They are the emerging titans: companies forging a high-tech "New Economy" of blazing, relentless growth and, potentially, enriching us as did those that harnessed the steam engine and electricity.
Such Wall Street Wunderkind have been scattered for years across the investment horizon, awesome from a distance, not always easily recognizable.
The Wired Index Fund (800-915-6564) seeks to harness the energy of the the so-called New Economy by investing in 40 companies that Wired magazine calls the vanguard of a brave new information economy.
The companies are geared for an economy that differs radically from the fading century's industrial version: People work with their ideas more than hands; innovation counts more than mass production; and high-tech and a laissez-faire ethos have broken down barriers to a global market.
"As the industrial economy was about creating and distributing goods, the information economy is about the creation of ideas and information," says Jim Atkinson, director of US operations for Guinness Flight Investment Management, which runs the fund.
Indeed, since its Dec. 15, 1998 inception, the fund has flaunted a return of 25.2 percent through Feb 22, easily beating the 10 percent climb by the Standard & Poor's 500 Index during that period.
But some mutual-fund analysts caution against a fund that rides two fads: indexing and New Economy theorizing.
"It's a misnomer to call it an index fund," says Sheldon Jacobs, editor of the No-Load Fund Investor newsletter in Irvington-on-Hudson, N.Y.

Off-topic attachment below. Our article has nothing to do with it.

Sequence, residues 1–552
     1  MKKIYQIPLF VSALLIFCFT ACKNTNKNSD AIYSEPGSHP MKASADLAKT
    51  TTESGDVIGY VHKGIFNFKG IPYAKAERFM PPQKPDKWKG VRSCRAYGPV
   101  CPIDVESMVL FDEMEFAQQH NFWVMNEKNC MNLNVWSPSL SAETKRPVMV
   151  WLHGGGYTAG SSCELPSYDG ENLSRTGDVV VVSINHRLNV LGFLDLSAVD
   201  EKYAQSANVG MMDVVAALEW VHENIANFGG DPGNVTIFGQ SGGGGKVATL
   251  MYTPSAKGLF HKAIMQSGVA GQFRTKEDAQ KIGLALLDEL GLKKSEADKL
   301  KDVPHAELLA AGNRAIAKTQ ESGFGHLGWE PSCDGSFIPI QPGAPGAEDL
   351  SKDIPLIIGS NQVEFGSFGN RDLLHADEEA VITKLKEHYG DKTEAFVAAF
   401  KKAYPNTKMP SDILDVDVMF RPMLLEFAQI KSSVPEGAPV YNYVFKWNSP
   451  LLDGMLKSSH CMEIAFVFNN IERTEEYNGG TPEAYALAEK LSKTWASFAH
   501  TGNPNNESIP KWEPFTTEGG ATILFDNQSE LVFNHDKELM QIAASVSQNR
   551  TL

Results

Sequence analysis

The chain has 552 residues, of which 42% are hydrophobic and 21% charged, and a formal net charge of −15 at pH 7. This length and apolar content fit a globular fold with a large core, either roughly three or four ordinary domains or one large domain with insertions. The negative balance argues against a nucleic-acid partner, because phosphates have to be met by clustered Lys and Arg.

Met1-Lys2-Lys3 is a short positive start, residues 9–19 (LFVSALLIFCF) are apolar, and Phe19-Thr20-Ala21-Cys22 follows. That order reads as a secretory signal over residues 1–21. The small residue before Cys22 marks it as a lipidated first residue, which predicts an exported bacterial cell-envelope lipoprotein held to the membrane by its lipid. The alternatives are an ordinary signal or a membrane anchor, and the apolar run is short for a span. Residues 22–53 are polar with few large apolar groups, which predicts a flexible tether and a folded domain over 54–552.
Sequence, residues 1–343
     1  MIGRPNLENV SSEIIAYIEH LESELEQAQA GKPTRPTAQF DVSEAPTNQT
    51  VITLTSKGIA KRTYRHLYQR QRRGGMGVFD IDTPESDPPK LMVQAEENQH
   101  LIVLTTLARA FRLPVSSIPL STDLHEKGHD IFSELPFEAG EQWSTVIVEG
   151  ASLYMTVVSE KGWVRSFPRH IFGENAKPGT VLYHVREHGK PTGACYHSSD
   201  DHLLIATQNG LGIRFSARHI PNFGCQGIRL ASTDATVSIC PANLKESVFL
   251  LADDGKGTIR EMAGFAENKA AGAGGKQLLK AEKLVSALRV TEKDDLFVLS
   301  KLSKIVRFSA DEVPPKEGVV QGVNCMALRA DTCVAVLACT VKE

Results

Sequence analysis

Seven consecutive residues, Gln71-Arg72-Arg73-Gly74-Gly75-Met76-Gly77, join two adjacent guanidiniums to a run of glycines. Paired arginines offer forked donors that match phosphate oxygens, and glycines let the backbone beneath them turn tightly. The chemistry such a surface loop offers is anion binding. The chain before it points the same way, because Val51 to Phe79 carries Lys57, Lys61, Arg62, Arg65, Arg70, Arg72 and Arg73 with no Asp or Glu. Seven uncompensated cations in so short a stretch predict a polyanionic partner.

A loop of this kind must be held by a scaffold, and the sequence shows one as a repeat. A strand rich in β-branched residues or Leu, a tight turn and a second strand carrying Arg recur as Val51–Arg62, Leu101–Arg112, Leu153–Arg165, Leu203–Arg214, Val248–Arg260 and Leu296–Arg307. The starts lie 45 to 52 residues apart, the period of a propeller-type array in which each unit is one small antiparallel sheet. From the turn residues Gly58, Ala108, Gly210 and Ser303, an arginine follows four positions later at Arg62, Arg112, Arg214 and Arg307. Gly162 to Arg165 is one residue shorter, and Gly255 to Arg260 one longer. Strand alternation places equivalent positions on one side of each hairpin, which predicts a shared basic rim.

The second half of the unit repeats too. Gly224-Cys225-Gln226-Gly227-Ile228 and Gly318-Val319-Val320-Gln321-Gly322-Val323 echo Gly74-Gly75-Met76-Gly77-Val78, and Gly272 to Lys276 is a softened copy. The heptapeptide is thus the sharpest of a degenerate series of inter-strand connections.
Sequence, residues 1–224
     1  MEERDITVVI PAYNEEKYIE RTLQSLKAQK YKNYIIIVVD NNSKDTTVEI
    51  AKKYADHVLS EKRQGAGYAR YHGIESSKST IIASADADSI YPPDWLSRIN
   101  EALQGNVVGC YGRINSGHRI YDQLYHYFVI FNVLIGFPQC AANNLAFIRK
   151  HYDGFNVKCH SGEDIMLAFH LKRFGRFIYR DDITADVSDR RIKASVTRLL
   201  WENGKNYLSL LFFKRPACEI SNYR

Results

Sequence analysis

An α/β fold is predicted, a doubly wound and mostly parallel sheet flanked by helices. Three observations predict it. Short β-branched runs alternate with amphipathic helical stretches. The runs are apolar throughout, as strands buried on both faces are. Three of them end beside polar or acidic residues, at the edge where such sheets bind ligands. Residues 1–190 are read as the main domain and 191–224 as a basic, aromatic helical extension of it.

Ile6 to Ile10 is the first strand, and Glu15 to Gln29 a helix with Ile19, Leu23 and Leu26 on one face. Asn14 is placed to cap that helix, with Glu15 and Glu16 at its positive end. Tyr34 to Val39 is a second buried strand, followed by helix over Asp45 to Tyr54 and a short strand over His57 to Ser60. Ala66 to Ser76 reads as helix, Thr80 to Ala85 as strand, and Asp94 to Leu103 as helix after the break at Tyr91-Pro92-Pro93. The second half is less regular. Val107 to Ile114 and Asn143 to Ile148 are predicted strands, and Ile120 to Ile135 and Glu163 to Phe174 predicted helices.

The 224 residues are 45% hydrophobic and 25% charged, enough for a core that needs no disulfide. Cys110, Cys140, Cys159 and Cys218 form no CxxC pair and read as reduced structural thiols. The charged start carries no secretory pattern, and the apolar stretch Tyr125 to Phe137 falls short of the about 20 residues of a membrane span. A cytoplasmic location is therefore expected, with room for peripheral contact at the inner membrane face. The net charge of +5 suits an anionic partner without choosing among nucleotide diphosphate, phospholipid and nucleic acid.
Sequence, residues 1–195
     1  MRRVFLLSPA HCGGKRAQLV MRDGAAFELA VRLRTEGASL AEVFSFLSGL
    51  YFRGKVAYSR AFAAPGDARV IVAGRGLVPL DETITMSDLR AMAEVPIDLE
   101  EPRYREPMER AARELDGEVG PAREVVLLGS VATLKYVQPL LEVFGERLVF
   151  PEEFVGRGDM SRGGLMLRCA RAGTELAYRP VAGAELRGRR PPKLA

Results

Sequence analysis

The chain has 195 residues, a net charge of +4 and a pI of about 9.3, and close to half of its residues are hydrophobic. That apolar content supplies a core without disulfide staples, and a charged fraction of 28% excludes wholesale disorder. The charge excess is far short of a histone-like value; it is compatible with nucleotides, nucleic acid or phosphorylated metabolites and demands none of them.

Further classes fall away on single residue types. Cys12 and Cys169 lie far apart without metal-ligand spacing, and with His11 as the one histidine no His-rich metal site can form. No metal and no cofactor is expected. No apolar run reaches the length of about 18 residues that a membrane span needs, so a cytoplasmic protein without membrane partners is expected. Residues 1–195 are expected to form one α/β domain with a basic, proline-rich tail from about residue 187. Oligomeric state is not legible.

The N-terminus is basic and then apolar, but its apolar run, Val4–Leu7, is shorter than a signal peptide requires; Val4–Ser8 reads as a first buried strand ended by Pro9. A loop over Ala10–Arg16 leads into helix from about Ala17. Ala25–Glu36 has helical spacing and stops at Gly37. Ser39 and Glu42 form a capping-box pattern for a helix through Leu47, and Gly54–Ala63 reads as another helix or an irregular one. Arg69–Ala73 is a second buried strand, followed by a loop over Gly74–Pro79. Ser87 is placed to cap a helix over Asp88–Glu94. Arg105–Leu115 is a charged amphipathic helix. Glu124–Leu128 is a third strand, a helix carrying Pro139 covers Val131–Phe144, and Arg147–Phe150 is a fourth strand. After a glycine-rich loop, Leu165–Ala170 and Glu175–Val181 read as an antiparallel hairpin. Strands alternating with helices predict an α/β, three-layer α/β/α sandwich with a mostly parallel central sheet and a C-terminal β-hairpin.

Index funds focus on a clear class of assets - in biotechnology or automotive stocks, for instance - and offer low expenses. The Wired Fund, with an expense ratio of 1.35 percent, falls short of both criteria, says Mr. Jacobs.
"Instead, I describe it as an actively managed fund with zero portfolio turnover," he adds.
Moreover, the criteria for Wired Fund's New Economy companies could have identified leading firms of any era.
These include "intelligent use of technology," "globalism," "innovation," and "strategic vision." During any epoch, firms in competitive industries lacking such attributes are liable to fail.
Finally, the creators of the index did not select the companies as investments but rather as cutting-edge firms for the dawning information age, says John Browning, one of the index's two founders. Consequently, investors should be wary of the heavy price-to-earnings ratio of 31.
Still, the Wired Fund rests on a provocative concept and features turbo-charged companies.
Although it includes many high-tech leaders - including the dynamic duo of the Internet (America Online and Yahoo!) - it is not a cyberspace fund. It's unique in its sector diversity: banking (State Street); insurance (AIG); oil services (Schlumberger); transport (Fedex); specialty steel (Nucor); hotel management (Marriott International); and autos (DaimlerChrysler).
The companies exemplify how "value is shifting from making things to making and defining choices," says Mr. Browning.
For example, he notes how in its early days Ford Motor Co. had to handle most facets of production itself, from raw materials, to transport, to final assembly.
Now, it gathers most of its parts for autos from suppliers. And it is engaged far more in managing business relationships, research and development, and addressing highly varied consumer tastes.